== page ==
Use Jupyter to Restart the Script from the Point Where the Scrapper Terminated
Photo by Aron Visuals on Unsplash
Have you ever had a situation where your scrapper came across an error [may it be server error or scraper block] and had to start over again?
You’re in luck! You could use Jupyter to restart the script from the point where the scrapper has terminated. I don’t know how this exactly works, but let me give you a brief explanation on how to use this workaround.
This solution largely depends on the Jupyter “running code” feature, where we could run blocks of code independently from each batch.
Start with the usual scraping library:
Python, Selenium, Pandas, Beautiful Soup, and your good old friend time.
are the library you need for this project.
In this explanation, I won’t be diving deeply into my source code but will show how my first batch of scraping code would look like.
The brief explanation for my code would the following:
Here we… what? the servers are down….
People who scrape a lot hate this error message
but as I said in the first part of this article, create another batch of code that could continue the code that you started off with.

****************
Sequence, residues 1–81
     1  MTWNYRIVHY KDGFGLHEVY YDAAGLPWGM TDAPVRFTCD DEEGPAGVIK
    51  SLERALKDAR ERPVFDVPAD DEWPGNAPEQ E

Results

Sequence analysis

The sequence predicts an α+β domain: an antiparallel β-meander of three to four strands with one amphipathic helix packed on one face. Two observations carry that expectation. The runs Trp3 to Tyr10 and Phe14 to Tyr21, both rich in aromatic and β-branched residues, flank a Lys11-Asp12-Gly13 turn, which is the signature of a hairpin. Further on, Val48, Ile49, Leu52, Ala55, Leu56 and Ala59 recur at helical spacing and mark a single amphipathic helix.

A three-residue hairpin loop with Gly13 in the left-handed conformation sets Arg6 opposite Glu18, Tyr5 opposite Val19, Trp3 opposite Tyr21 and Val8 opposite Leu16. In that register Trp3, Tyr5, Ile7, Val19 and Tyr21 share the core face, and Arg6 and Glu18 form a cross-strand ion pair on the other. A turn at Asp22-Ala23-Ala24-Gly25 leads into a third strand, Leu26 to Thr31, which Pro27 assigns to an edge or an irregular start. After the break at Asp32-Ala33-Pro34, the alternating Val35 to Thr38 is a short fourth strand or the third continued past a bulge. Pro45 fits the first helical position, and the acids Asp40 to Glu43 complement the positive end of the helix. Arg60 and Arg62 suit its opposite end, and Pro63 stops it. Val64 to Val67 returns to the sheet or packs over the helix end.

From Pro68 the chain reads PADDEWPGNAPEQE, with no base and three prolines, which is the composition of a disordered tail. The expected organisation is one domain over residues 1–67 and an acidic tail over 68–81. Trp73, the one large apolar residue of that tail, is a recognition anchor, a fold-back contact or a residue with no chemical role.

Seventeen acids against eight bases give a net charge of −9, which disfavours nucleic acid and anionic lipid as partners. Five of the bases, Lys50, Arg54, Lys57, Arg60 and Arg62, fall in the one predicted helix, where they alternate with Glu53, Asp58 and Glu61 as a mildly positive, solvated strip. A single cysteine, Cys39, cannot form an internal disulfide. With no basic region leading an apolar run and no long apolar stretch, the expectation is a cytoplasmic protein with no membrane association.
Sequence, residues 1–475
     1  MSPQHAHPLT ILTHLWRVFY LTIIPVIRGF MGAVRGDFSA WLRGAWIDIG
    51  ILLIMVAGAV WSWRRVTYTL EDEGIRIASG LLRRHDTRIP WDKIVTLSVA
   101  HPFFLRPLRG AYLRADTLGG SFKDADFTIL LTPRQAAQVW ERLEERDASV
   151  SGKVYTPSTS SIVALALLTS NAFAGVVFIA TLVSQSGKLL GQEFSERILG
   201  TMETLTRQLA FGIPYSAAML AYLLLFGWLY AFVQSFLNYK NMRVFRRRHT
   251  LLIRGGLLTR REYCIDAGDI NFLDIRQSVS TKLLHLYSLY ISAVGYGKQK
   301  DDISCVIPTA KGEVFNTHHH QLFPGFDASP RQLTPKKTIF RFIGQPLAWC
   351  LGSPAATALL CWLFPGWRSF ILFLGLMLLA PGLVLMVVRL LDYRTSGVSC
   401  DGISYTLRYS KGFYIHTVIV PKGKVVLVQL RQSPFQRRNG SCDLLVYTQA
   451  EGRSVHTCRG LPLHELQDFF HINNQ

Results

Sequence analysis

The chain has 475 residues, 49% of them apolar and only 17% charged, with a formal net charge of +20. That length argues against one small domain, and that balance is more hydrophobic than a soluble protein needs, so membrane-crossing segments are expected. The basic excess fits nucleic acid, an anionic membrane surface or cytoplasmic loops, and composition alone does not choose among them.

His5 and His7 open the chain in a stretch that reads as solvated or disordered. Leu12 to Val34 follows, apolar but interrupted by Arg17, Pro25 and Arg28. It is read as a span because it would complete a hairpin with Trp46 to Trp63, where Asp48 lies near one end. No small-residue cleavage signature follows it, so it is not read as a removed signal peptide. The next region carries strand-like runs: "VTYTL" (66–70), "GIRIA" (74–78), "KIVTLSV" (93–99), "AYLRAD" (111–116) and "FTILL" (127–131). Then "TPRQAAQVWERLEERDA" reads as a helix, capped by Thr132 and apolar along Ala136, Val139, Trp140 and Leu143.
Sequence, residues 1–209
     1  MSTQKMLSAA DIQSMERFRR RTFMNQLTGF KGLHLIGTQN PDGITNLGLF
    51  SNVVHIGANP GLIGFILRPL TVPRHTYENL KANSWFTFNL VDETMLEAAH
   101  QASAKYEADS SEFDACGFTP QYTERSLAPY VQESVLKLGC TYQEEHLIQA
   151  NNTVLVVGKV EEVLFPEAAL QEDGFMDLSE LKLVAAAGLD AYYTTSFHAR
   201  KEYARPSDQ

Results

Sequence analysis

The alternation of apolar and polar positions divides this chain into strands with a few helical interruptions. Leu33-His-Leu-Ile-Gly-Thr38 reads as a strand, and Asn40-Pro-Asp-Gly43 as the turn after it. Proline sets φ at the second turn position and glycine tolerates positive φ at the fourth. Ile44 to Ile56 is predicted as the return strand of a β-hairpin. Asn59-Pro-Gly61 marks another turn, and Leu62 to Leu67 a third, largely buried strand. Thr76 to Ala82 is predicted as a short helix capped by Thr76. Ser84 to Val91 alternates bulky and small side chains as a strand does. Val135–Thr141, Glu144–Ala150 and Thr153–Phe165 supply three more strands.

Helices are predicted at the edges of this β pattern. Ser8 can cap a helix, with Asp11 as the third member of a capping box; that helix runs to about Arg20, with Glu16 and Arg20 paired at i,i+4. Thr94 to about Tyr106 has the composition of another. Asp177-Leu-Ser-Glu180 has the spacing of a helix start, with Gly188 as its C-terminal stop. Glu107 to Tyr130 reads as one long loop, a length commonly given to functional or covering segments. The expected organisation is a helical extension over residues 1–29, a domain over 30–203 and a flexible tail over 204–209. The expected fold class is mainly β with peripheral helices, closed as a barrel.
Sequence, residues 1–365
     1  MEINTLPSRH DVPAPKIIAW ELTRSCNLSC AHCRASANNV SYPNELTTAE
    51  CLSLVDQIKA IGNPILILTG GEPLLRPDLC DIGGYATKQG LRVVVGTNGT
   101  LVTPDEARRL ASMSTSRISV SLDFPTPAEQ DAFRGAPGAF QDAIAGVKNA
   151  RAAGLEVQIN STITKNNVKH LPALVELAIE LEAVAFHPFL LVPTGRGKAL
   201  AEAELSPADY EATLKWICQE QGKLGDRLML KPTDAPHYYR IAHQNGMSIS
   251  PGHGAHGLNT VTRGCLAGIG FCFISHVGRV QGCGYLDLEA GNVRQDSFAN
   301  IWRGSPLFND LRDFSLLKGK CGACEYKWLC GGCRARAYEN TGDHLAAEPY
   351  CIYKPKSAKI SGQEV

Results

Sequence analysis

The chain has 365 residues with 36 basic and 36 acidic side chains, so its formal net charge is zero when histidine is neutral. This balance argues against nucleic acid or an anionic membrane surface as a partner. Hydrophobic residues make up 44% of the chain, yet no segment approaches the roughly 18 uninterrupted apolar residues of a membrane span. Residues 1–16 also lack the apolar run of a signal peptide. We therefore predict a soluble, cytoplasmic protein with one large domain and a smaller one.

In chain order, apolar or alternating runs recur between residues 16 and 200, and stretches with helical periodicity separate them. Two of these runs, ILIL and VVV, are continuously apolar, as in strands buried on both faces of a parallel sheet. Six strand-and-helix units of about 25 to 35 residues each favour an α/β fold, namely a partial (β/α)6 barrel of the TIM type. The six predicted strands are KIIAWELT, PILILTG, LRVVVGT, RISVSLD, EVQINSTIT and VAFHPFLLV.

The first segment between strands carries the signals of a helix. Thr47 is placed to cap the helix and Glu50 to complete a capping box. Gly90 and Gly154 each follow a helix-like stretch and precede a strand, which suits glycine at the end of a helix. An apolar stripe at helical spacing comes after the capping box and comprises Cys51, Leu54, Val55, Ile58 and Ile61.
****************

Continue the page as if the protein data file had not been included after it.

Before you continue:
1) Do not close the chrome browser connected with your script. If you do all your session/progress will be deleted.
2) Remember to check the page number that you scraped and recode accordingly on your next batch of code.
So run the program again… with a little change in id number of set no in the export part.
I edited the set number before I ran this block of code
and tada! we move forward to scraping the rest of the set
the rest of the code is running 🙂
But do beware of the continuous error if the website server is unstable like my target website. Repeat the process above whenever your program’s connection to the website gets cut off.
I wasn’t able to figure out how to automate this portion, but if any of your awesome readers know the answer, please comment below.
Anyway, that’s it folks~ jupyter scraping time machine.No tags for this post.